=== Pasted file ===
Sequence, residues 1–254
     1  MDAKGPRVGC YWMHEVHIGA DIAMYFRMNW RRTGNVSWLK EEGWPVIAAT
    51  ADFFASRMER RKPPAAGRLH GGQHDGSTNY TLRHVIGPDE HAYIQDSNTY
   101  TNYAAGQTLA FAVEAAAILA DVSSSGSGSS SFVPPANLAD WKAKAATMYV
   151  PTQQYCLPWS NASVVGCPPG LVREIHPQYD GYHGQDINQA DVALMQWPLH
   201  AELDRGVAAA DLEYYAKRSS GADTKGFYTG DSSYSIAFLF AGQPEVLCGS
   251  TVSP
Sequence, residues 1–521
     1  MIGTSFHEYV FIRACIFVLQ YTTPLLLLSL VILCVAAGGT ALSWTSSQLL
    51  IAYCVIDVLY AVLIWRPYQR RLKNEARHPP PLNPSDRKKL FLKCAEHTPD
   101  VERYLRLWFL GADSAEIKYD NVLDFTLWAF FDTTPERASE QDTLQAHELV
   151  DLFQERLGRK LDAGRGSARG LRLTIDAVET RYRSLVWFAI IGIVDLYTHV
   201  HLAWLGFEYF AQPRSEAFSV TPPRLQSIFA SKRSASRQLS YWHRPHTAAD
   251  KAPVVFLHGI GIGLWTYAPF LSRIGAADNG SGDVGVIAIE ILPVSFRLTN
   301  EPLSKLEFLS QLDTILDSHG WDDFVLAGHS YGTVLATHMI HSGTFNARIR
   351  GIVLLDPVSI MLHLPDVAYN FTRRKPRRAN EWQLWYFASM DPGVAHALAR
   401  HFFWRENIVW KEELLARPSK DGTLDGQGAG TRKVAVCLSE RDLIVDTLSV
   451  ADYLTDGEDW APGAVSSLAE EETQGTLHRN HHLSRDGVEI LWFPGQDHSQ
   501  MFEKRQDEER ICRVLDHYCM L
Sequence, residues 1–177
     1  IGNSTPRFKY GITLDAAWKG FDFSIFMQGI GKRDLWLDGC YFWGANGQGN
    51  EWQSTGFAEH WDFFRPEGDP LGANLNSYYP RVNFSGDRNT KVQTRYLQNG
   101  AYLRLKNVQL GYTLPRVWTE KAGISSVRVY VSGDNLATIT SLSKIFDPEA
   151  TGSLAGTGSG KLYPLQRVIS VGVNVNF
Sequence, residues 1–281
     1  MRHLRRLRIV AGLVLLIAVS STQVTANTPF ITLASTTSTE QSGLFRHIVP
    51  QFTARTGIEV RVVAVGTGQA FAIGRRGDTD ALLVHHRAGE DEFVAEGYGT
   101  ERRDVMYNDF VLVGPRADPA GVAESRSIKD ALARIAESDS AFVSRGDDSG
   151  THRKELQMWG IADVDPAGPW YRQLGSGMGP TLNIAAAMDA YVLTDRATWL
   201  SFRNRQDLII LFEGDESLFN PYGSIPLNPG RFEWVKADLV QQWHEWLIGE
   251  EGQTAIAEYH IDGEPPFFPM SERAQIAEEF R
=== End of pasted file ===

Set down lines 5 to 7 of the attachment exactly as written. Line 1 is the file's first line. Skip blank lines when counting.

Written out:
   151  PTQQYCLPWS NASVVGCPPG LVREIHPQYD GYHGQDINQA DVALMQWPLH
   201  AELDRGVAAA DLEYYAKRSS GADTKGFYTG DSSYSIAFLF AGQPEVLCGS
   251  TVSP